A comon design in cars 30 years ago in the early emission control era was to has a dual air intake to the airfilter. One source was a cold air supply and the other was a hot air supply typically by taking air from around the exhaust manifold. The split between the 2 was controlled by bimetallic thermostatic coil flap valve which crudely adjusted the flap position to attempt to maintain a constant inlet air temperature to maintain a constant rate of fuel vaporisation and improve combustion consistency and reduce emissions.

Sounds like with the current fuels you have to live with in California a similar approach is desirable to deal with the low vapor pressure fuels in an old carb engine on cold days versus a fuel injected engine where vaporisation rate is much less critical.

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PostPost by: type26owner » Tue Aug 30, 2005 2:01 pm

Hi Rohan,
Can well imagine the butterflies and main choke area would be coated with ice if only the humidity were higher here. Typical highest value for the humidity around these parts is only around 30%. It runs poorly at 10C but with the same fuel at 30C the missing is almost completely gone. Just so happens I filled it up with ARCO 91 the other day and it's by far the worst behaving stuff I've tested yet so far. Yesterday morning I was expecting the engine to wheeze and just quit. When I ascended the big hill leading up to the lab and built up some heat in the engine bay the transformation was spectacular.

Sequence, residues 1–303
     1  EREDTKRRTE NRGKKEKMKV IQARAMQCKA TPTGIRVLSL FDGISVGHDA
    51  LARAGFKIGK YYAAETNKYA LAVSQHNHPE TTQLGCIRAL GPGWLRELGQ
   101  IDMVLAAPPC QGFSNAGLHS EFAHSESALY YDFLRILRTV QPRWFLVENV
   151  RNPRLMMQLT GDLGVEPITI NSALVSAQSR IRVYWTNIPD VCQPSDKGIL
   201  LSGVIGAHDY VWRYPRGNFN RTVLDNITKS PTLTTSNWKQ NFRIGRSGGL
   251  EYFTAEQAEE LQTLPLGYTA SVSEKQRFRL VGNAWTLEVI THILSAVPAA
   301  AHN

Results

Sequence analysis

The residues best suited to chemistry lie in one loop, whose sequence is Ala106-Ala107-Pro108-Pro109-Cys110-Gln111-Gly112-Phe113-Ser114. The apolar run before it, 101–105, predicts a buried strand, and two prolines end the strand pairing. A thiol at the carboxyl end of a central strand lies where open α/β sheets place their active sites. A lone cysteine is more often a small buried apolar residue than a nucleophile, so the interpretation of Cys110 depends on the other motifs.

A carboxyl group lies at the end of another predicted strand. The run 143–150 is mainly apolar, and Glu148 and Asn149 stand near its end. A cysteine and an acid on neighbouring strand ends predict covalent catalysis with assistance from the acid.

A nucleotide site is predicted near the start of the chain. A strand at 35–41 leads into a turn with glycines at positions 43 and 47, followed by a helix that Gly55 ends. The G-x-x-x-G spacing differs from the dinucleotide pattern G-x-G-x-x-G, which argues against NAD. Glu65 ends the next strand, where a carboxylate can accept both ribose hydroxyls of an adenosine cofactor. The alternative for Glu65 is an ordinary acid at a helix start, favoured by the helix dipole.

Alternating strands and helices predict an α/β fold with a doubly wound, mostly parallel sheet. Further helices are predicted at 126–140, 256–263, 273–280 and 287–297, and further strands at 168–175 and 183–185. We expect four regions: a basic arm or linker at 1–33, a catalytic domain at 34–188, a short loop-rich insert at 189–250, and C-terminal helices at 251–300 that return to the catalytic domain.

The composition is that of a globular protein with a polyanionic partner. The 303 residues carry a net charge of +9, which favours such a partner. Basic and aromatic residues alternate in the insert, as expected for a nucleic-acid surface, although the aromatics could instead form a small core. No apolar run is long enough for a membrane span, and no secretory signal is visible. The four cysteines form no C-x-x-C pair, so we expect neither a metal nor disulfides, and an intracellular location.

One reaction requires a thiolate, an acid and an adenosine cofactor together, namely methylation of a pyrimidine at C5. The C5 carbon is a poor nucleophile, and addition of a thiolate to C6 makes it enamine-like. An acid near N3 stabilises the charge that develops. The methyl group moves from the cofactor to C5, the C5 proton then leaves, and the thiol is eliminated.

Now that the symptoms are recognized I can apply a remedy. :D